This was to continue the discussion here, but became too long for a comment.
The dalit women heroes of the 1857 Rebellion have become symbols of dalit assertion and pride. They have become the icons of the castes to which they belong, and it is become a political compulsion of various political parties especially the BSP, to use their myths to politically mobilize the members of these castes. In Dalit political discourse, myths of different castes are also being used to consolidate all the dalit castes and create a homogenous metanarrative. One such legendary character who is claimed to have played a significant role in 1857 Rebellion alongside Begum Hazrat Mahal of Lucknow and who has become the icon of the Pasi community, but whose aura encompasses all the Dalit castes, is Udadevi. She is one of the hero of the 1857 Dalit heroes who has been taken over by the BSP to develop the image of Mayavati, who is claimed to be her incarnation.
Richard Connerney recounts her story:
….. There British forces met desperate resistance of rebels who fortified the position. In the sanguineous battle that followed, over 2,000 rebels and many soldiers lost their lives in hand-to-hand combat.
After the British overran Sikandarbag, an officer noted that many of the British casualties had bullet wounds indicating steep, downward trajectory. Suspecting that a sniper remained hidden in the pipal tree, British officers fired at the tree and dislodged a rebel who fell to the ground with a thud, dead. Further investigation revealed that the rebel was, in fact, a low-caste woman named Udadevi Pasi, who had donned men’s clothing to participate in the uprising.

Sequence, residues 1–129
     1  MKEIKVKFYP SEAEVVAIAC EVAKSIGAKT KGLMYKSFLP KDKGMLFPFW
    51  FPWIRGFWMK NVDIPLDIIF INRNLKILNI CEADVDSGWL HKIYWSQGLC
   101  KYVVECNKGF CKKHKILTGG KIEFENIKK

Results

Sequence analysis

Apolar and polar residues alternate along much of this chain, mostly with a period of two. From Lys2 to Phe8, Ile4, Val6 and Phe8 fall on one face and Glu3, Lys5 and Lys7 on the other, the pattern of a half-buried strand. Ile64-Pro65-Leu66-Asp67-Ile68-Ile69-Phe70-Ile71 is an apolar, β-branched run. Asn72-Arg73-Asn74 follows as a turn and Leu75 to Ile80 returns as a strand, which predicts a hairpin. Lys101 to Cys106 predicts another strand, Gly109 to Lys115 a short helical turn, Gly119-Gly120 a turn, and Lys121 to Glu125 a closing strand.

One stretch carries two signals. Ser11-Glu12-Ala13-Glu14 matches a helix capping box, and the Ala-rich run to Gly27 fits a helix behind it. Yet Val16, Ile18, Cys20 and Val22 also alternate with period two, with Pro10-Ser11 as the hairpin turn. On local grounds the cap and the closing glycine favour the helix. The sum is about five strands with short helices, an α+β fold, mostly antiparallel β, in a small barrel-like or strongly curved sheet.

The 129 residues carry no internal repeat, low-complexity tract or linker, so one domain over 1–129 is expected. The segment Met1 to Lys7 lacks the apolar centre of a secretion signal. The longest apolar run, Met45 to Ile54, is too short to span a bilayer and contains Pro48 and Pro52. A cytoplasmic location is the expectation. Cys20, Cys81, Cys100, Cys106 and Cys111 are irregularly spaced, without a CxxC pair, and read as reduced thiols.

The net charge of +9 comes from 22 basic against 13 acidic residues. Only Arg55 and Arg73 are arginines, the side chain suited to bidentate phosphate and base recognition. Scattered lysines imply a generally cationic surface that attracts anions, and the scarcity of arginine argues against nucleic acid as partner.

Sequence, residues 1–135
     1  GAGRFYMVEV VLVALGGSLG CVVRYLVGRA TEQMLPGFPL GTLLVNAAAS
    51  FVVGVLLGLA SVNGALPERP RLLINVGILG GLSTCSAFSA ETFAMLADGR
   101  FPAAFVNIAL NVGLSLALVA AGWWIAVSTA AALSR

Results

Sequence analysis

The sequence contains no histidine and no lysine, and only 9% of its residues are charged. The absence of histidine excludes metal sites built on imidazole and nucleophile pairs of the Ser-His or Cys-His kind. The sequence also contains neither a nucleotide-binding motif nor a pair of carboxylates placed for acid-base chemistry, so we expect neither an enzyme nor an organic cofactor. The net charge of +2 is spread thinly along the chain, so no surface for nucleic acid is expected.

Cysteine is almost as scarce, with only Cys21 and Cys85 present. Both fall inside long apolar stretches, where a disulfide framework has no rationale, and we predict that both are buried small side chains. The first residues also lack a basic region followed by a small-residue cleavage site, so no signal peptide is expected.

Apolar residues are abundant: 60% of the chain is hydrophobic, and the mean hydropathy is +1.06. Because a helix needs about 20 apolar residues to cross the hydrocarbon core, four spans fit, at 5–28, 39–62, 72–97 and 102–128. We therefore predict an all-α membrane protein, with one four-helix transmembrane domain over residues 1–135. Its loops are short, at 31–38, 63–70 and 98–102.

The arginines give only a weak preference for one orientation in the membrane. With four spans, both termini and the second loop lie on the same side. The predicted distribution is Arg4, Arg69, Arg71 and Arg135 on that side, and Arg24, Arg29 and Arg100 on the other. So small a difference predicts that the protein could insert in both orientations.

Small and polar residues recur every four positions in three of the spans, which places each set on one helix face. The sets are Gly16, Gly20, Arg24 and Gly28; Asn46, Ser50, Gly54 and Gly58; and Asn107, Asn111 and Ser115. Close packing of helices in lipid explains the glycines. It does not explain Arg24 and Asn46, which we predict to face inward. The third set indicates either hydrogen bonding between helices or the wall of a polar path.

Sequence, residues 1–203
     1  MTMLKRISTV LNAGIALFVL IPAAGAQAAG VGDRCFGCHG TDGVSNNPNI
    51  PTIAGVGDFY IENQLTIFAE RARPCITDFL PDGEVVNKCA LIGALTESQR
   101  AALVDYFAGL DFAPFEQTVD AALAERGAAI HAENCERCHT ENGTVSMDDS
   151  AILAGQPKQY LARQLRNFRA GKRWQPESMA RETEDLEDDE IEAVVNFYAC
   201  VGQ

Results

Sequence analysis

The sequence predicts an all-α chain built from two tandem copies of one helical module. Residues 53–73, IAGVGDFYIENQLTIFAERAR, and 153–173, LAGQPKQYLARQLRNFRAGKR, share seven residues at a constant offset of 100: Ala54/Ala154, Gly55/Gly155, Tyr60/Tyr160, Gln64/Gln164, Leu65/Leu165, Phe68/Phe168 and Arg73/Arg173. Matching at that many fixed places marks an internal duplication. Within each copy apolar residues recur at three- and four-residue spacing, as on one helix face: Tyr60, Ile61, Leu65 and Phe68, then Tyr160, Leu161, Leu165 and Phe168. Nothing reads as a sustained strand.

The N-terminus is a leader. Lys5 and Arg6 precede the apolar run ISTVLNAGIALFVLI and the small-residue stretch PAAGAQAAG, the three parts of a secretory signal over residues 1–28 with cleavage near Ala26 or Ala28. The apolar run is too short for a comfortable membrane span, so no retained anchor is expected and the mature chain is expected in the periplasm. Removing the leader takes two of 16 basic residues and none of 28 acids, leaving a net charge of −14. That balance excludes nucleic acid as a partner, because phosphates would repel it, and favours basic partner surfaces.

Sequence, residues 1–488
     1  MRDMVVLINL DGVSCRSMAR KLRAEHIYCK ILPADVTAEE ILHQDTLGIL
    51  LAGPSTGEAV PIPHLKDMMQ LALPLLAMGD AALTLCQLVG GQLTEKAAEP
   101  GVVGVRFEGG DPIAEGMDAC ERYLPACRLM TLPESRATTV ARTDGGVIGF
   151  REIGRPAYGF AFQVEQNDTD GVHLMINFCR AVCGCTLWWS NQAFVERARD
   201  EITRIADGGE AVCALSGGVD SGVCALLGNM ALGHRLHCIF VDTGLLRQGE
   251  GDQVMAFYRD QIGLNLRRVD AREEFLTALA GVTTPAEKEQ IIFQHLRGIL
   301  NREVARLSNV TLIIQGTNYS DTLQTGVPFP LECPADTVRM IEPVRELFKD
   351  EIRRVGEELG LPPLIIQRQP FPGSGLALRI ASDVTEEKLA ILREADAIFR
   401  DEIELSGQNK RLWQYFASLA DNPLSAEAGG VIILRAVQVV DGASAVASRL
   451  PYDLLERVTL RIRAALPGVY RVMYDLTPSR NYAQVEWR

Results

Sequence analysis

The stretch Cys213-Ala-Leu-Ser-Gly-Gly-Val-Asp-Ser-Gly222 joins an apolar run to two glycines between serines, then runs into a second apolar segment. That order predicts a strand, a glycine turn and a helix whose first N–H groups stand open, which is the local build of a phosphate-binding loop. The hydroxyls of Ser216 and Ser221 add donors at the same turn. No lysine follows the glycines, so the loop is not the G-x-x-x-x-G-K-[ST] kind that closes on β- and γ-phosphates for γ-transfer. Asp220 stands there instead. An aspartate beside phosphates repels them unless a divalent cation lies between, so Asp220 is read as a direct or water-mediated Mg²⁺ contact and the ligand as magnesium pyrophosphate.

Back to issue at hand, that is, iconization of Mayavati, Badri Narayan tells it like this:
There were cut outs, posters and hoardings showing Udadevi standing beside Mayavati, at roadsides and important sites before the 2004 parliamentary elections. The story of her brave deeds and heroic achievements during the 1857 Rebellion were narrated by different BSP leaders at election rallies in various places around Lucknow where her myth was popular, to highlight the glorious history of dalits. While these stories were narrated mainly at rallies that were held in Pasi hamlets to arouse the caste identity of the Pasis, they were also narrated during rallies held collectively for all dalit castes in particular regions adjoining Lucknow. The telling and retelling of the Myth of Udadevi transforming into an icon for dalit assertion that is being used by the BSP for the political mobilization of the dalits.
The part that is fascinating and heart wrenching is the way the image of Udadevi was created.
It was created in 1953 as part of the NBRI’s initiative to build a museum based on the history of Lucknow, A painter was commissioned to paint her image based on the description of Udadevi in the narratives collected by the botanist N. N Kaul. Following this a cement statute was made based on the image in NBRI, this was not made well and soon started cracking. Unskilled laborers were called in to fill in the cracks but in the process the image got distorted. Later when BSP wanted to build her statues and print her portrait in posters they picked up this distorted image. That is why the statue at NBRI grossly differs from the roadside statues.